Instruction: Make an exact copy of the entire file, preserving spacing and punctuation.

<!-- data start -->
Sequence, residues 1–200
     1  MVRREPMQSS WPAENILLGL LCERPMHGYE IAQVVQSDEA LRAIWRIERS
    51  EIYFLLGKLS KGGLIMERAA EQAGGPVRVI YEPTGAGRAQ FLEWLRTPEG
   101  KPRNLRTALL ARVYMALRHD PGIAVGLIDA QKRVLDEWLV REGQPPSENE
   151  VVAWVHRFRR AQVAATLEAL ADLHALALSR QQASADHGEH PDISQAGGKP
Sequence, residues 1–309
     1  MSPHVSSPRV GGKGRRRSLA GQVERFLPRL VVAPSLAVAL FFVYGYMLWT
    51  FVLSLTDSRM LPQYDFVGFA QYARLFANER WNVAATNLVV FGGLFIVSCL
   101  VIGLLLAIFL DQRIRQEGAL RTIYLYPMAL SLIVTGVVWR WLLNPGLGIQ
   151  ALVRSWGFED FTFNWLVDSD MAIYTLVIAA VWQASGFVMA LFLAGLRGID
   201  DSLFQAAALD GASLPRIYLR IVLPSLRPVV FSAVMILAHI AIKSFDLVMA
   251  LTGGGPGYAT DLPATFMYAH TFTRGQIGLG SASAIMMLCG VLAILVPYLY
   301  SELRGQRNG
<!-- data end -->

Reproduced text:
Sequence, residues 1–200
     1  MVRREPMQSS WPAENILLGL LCERPMHGYE IAQVVQSDEA LRAIWRIERS
    51  EIYFLLGKLS KGGLIMERAA EQAGGPVRVI YEPTGAGRAQ FLEWLRTPEG
   101  KPRNLRTALL ARVYMALRHD PGIAVGLIDA QKRVLDEWLV REGQPPSENE
   151  VVAWVHRFRR AQVAATLEAL ADLHALALSR QQASADHGEH PDISQAGGKP
Sequence, residues 1–309
     1  MSPHVSSPRV GGKGRRRSLA GQVERFLPRL VVAPSLAVAL FFVYGYMLWT
    51  FVLSLTDSRM LPQYDFVGFA QYARLFANER WNVAATNLVV FGGLFIVSCL
   101  VIGLLLAIFL DQRIRQEGAL RTIYLYPMAL SLIVTGVVWR WLLNPGLGIQ
   151  ALVRSWGFED FTFNWLVDSD MAIYTLVIAA VWQASGFVMA LFLAGLRGID
   201  DSLFQAAALD GASLPRIYLR IVLPSLRPVV FSAVMILAHI AIKSFDLVMA
   251  LTGGGPGYAT DLPATFMYAH TFTRGQIGLG SASAIMMLCG VLAILVPYLY
   301  SELRGQRNG